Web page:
BioM-Transformers: Building Large Biomedical Language Models with BERT, ALBERT and ELECTRA

Abstract

The impact of design choices on the performance of biomedical language models recently has been a subject for investigation. In this paper, we empirically study biomedical domain adaptation with large transformer models using different design choices. We evaluate the performance of our pretrained models against other existing biomedical language models in the literature. Our results show that we achieve state-of-the-art results on several biomedical domain tasks despite using similar or less computational cost compared to other models in the literature. Our findings highlight the significant effect of design choices on improving the performance of biomedical language models.

Model Description

This model is fine-tuned on the SQuAD2.0 dataset. Fine-tuning the biomedical language model on the SQuAD dataset helps improve the score on the BioASQ challenge. If you plan to work with BioASQ or biomedical QA tasks, it's better to use this model over BioM-ALBERT-xxlarge. This model (TensorFlow version ) took the lead in the BioASQ9b-Factoid challenge under the name of (UDEL-LAB1). To see the full details of BioASQ9B results, please check this link http://participants-area.bioasq.org/results/9b/phaseB/ ( you need to register).

Huggingface library doesn't implement the Layer-Wise decay feature, which affects the performance on the SQuAD task. The reported result of BioM-ALBERT-xxlarge-SQuAD in our paper is 87.00 (F1) since we use ALBERT open-source code with TF checkpoint, which uses Layer-Wise decay.

Result with PyTorch and V100 GPU

***** eval metrics *****
HasAns_exact      = 77.6484
HasAns_f1         = 85.0136
HasAns_total      =    5928
NoAns_exact       =  86.577
NoAns_f1          =  86.577
NoAns_total       =    5945
best_exact        = 82.1191
best_exact_thresh =     0.0
best_f1           = 85.7964
best_f1_thresh    =     0.0
eval_samples      =   12551
exact             = 82.1191
f1                = 85.7964
total             =   11873

To reproduce results in Google Colab:

  • Make sure you have GPU enabled.

  • Clone and install required libraries through this code

!git clone https://github.com/huggingface/transformers

!pip3 install -e transformers

!pip3 install sentencepiece

!pip3 install -r /content/transformers/examples/pytorch/question-answering/requirements.txt

  • Run this python code:
python /content/transformers/examples/pytorch/question-answering/run_qa.py --model_name_or_path BioM-ALBERT-xxlarge-SQuAD2 \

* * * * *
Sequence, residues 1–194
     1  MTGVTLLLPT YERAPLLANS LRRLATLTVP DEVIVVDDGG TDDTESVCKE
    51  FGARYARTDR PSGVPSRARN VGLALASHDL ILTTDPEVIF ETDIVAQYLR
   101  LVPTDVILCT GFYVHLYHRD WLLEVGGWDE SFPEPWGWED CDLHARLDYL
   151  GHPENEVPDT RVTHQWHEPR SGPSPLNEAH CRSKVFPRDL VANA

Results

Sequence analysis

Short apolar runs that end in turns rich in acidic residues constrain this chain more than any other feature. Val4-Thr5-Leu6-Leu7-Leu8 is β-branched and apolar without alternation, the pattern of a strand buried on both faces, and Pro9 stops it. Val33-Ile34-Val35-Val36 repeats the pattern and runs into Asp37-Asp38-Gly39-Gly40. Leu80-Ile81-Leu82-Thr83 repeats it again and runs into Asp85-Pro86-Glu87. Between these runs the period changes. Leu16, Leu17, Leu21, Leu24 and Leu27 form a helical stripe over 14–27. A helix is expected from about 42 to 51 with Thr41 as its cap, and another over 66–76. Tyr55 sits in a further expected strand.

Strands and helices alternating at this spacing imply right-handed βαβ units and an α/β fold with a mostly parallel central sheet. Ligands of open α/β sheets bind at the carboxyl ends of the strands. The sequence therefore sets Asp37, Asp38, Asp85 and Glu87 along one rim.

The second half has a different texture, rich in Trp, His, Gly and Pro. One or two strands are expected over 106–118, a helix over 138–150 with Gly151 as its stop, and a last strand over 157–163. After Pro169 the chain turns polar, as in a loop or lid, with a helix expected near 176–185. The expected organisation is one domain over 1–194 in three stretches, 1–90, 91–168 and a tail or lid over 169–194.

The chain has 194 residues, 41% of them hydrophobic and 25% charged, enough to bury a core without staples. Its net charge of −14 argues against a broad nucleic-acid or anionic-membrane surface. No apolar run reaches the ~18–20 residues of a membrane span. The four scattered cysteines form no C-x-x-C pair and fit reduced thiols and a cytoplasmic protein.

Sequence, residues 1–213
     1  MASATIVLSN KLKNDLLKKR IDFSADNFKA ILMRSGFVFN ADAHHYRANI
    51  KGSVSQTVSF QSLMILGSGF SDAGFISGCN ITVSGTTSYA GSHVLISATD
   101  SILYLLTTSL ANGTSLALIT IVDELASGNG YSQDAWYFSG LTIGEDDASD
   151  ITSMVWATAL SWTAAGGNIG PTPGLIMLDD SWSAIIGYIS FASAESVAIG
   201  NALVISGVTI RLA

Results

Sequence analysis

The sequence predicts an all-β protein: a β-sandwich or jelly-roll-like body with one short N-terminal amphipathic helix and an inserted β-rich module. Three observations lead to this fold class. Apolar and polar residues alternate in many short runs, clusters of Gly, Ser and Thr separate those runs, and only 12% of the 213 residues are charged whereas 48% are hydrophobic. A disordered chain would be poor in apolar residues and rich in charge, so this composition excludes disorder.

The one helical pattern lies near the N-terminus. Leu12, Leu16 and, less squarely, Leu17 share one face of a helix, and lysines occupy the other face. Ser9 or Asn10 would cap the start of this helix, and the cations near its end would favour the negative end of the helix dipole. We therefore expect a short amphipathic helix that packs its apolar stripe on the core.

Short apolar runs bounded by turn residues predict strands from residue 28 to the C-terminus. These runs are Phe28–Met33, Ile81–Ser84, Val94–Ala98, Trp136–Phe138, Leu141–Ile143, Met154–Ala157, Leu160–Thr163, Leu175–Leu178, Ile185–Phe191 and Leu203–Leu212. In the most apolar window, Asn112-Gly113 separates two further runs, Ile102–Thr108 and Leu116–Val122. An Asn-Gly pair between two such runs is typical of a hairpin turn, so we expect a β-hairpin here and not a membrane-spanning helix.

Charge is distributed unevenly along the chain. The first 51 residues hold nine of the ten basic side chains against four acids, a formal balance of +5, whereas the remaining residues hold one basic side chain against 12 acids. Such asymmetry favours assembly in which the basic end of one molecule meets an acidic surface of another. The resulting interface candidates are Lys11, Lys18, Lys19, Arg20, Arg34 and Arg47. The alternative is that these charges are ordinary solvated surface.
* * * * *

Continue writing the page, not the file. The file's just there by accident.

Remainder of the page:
--do_eval \
--version_2_with_negative \
--per_device_eval_batch_size 8 \
--dataset_name squad_v2 \
--overwrite_output_dir \
--fp16 \
--output_dir out

You don't need to download the SQuAD2 dataset. The code will download it from the HuggingFace datasets hub.

Check our GitHub repo at https://github.com/salrowili/BioM-Transformers for TensorFlow and GluonNLP checkpoints.

Acknowledgment

We would like to acknowledge the support we have from Tensorflow Research Cloud (TFRC) team to grant us access to TPUv3 units.

Citation

@inproceedings{alrowili-shanker-2021-biom,
title = "{B}io{M}-Transformers: Building Large Biomedical Language Models with {BERT}, {ALBERT} and {ELECTRA}",
author = "Alrowili, Sultan and
Shanker, Vijay",
booktitle = "Proceedings of the 20th Workshop on Biomedical Language Processing",
month = jun,
year = "2021",
address = "Online",
publisher = "Association for Computational Linguistics",
url = "https://www.aclweb.org/anthology/2021.bionlp-1.24",
pages = "221--227",
abstract = "The impact of design choices on the performance of biomedical language models recently has been a subject for investigation. In this paper, we empirically study biomedical domain adaptation with large transformer models using different design choices. We evaluate the performance of our pretrained models against other existing biomedical language models in the literature. Our results show that we achieve state-of-the-art results on several biomedical domain tasks despite using similar or less computational cost compared to other models in the literature. Our findings highlight the significant effect of design choices on improving the performance of biomedical language models.",
}
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